Can I Have a Policy that Prohibits Employees From Discussing Their Pay With Co-workers?
By Kevin M. Mosher • May 15, 2014
Not anymore, no. On the federal level, in the past couple of years the National Labor Relations Board (NLRB) has taken the position that employees are entitled to be able to discuss compensation issues with one another (and unions) freely, and prohibiting this conversation is akin to intimidation. The NLRB has rationalized its stance, arguing that suppressing discussion of wages is an indirect means of suppressing employees’ right engaged in concerted activity for the betterment of their terms and conditions of employment. Read – “we don’t want to stop you from telling a union that you need a raise.”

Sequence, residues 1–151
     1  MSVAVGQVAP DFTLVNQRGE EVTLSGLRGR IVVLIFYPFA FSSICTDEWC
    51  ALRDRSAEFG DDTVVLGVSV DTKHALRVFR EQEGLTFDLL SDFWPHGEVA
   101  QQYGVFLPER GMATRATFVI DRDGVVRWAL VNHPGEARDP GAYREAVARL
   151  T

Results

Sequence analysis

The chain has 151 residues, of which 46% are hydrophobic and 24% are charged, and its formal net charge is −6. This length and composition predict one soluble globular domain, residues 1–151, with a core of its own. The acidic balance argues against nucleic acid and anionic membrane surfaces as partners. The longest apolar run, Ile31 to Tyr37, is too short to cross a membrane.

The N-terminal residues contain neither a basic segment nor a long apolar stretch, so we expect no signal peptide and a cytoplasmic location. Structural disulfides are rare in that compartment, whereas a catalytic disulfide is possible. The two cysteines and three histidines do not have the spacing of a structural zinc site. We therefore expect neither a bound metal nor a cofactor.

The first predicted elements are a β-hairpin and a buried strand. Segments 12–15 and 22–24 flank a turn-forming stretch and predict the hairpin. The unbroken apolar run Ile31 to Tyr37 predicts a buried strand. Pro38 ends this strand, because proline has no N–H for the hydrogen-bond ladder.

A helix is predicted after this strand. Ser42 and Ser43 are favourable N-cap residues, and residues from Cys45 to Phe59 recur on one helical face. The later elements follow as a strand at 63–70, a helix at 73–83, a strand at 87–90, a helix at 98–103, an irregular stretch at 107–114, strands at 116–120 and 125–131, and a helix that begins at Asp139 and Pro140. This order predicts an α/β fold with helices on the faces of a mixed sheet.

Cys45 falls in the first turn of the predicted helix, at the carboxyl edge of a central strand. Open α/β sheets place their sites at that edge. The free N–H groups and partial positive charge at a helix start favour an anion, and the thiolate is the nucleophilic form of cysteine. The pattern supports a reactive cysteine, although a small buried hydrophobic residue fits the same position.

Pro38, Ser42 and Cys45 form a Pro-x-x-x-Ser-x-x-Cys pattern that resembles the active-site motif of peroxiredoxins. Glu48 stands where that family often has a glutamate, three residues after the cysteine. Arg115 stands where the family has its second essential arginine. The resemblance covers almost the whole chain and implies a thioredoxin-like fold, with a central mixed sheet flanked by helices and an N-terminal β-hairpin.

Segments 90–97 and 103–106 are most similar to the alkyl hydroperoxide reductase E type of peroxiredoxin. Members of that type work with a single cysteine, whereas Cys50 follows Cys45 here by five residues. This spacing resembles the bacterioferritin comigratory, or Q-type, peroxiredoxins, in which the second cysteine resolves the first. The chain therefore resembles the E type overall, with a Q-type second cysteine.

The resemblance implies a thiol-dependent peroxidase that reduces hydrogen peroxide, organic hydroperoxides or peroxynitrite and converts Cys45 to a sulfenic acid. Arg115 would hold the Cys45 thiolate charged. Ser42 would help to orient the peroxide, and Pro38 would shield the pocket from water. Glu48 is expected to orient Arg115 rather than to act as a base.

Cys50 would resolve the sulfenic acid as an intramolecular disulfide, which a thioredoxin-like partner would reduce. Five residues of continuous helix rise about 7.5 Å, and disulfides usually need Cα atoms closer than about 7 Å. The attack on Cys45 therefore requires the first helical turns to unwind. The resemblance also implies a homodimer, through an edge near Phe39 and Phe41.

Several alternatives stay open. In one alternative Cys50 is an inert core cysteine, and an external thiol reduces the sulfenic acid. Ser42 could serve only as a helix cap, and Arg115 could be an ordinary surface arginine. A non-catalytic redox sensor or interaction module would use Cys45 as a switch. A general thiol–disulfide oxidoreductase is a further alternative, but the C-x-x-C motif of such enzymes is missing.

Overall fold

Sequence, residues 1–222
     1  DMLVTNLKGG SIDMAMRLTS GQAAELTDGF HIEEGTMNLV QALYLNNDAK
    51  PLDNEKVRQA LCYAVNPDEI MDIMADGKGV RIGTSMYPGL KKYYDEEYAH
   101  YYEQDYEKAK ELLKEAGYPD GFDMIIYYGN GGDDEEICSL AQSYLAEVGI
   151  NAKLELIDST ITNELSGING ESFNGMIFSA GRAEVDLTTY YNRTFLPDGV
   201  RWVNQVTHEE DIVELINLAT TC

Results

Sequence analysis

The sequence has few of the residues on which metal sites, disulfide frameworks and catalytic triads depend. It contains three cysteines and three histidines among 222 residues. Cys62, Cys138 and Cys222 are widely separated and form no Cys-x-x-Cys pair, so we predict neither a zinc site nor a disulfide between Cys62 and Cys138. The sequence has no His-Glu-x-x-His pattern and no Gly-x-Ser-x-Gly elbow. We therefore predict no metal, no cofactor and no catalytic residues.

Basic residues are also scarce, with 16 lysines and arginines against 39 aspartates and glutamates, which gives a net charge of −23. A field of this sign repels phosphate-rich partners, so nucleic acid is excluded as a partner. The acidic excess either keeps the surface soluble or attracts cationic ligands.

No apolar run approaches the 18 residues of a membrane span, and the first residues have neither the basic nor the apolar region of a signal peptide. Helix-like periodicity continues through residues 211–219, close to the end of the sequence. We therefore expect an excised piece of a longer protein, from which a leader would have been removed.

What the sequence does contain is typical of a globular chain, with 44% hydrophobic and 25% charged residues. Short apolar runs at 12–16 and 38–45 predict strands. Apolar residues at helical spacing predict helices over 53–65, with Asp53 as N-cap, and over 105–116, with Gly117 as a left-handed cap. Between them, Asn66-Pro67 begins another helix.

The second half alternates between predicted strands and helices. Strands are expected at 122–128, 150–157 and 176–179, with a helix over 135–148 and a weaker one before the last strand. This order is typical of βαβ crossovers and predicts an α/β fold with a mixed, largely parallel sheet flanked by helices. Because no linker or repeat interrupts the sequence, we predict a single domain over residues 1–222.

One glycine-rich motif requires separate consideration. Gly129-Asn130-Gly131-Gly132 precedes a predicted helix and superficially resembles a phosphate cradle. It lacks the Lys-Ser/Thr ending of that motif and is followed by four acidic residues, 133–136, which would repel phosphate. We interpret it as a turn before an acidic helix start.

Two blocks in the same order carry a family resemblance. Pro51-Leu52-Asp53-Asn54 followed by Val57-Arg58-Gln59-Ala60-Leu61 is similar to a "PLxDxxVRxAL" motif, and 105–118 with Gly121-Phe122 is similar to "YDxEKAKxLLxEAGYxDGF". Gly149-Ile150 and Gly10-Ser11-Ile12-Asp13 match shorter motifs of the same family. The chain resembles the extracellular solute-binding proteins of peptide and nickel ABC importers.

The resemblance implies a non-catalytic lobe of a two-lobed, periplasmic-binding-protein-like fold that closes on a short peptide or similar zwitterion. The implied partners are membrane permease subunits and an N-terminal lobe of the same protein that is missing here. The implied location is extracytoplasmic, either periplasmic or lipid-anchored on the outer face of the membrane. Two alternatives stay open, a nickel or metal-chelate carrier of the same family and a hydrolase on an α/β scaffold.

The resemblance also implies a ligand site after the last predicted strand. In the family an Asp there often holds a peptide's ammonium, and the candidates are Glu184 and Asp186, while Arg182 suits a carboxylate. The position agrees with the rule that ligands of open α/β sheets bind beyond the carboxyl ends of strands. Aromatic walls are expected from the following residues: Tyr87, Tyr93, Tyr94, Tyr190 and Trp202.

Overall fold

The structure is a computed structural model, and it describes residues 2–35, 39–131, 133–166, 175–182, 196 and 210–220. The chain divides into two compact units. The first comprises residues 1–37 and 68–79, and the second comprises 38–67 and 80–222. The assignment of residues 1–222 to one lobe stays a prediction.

Federal prohibitions being insufficient apparently now enter the states to pile on to the prohibition. Minnesota, never one to be denied the opportunity to be at the forefront of onerous employee rights laws, this week passed the Women’s Economic Security Act. One of the many provisions of the WESA requires that all employers in Minnesota, if they have employee handbooks, include a “Wage Disclosure Protection” notification – telling employees, among other things, that they have a right to be able to discuss wages amongst one another and that they can sue their employers for retaliating against employees for exercising this right. In essence, what Minnesota did for personnel file access rights (i.e. requiring that employers notify employees of their rights under state law to access their personnel files), it has again done for wage communications.
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